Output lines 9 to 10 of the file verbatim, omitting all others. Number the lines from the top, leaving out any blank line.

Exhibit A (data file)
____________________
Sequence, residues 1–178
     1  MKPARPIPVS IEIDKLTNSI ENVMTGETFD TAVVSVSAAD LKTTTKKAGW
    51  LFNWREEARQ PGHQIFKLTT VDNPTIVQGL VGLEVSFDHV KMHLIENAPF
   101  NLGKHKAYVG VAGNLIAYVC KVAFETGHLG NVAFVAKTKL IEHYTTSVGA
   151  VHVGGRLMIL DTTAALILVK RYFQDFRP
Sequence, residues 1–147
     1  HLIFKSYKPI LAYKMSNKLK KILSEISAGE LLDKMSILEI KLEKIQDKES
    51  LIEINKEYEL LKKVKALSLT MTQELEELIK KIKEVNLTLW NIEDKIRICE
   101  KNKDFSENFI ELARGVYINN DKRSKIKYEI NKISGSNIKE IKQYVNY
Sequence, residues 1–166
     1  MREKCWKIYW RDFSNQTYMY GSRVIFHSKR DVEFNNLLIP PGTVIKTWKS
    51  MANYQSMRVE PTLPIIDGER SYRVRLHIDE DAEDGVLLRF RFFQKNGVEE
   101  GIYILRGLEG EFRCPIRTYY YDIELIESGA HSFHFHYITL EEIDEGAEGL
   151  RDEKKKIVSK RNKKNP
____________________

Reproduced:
   101  KNKDFSENFI ELARGVYINN DKRSKIKYEI NKISGSNIKE IKQYVNY
Sequence, residues 1–166